engine is operated at a speed of 600 :r.p.m. with a spark advance of 13 before top dead center. The test method employed is more fully described in Test Procedure D-9 08-55 contained in 1956 edition of ASTM Manual of Engine Test Methods for Rating Fuels. The fuel employed in these tests was a synthetic mixture which is representative of commercial gasolines in present production and was used since it gives a standard antiknock response and predictable reproducibility. This mixture consists of 20 volume percent diisobutylene, 20 volume percent toluene, 2-0 volume percent isooctane and 40 volume percent n-heptane. When this fuel contained no antiknock additive it had a research octane number of 91.3. Table II below shows the octane number achieved with the addition of various amounts of the additive compounds employed in this invention. These data indicate that substantial gains in octane number are provided by the compounds used in the practice of this invention.
In addition to the above tests, tests were conducted on the fuel which contained 3 milliliters of tetraethyllead per gallon. In a fuel thus blended the addition of 1 gram of nickel as cyclopentadienyl nickel nitrosyl gave an increase of 3.4 octane numbers over that obtainable with the tetraethyll-ead alone. This increase represents an outstanding improvement in antiknock effectiveness.
The cyclopentadienyl metal coordination compounds of this invention may be incorporated in paints, varnish, printing inks, synthetic resins of the drying oil type, oil enamels and the like, to impart excellent drying characteristics to such compositions. Generally speaking from 0. 01 to 0.05 percent of metal as a compound of this invention is beneficially employed as a dryer in such a composition. Good results are also obtained when the compounds of this invention are used in conjunction with lead naphthanate and similar drying agents.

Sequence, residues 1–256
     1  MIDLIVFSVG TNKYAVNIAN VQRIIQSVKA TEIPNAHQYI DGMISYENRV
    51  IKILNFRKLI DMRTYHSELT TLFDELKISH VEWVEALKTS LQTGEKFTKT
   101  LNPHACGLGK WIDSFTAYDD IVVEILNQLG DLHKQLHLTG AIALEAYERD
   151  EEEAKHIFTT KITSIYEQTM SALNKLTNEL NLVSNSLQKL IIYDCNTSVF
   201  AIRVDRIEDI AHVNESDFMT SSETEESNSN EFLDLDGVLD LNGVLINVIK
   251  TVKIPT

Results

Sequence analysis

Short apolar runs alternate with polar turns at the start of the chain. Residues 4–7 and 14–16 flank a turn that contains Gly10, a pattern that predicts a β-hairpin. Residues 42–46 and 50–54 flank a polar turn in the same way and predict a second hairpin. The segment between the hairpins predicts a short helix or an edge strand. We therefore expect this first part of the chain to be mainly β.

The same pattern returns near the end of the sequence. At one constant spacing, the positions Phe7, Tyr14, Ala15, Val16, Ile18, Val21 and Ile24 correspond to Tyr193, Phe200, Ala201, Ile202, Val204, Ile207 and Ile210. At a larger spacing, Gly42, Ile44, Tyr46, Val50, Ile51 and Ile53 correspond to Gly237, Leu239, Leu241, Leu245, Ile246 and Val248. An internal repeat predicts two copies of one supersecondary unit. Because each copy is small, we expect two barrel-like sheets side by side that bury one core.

For example, to a typical varnish composition containing parts ester gum, 173 parts of tung oil, 23 parts of linseed oil and 275 parts of white petroleum naphtha is added 4.0 parts of methylcyclopentadienyl cobalt di carbonyl and 2.0 parts of lead naphthanate. The resulting varnish composition is found to have excellent drying characteristics. Good results are also obtained when other drying oil compositions and other compounds of this invention are employed.
The novel cyclopentadienyl compounds of this invention are also useful in wax compositions for the preparation of candles which burn with a minimum of soot formation. For this purpose, from about 0.005 to about 7 percent of metal as a compound of this invention is incorporated into the wax composition prior to fabrication of the candle. The candles containing the iron compounds of this invention are preferably prepared from parafiin wax or compositions containing a major proportion of parafin wax. However, other materials may be incorporated into the paraffin wax with equally good results. Other waxes, stearic acid, hydrostearic acid, beeswax, microcrystalline wax, ceresin, ,B-naphthol, and the like, including mixtures, may be used along with the parafiin wax. As an illustrative example, a candle is prepared from a parafiin wax having a melting pointof about 55 C. by adding thereto 6 percent stearic acid, 10 percent hydrostearic acid, and 2 percent iron as methylcyclopentadienyl propyl iron dicarbonyl. A candle molded from this composition burns with a minimum of soot formation.
The novel cyclopentadienyl compounds of this invention also find a number of additional uses, such as chemical intermediates in the preparation of other various organometallic compounds. The novel compounds of this invention are also profitably employed as antioxidants, catalysts, and an organic carrier of metal in high concentrations which is soluble in polar solvents, etc.
Having fully described the novel compounds of the present invention, the need therefor, and the best methods devised for their preparation, we do not intend that our invention be limited except within the spirit and scope of the appended claims.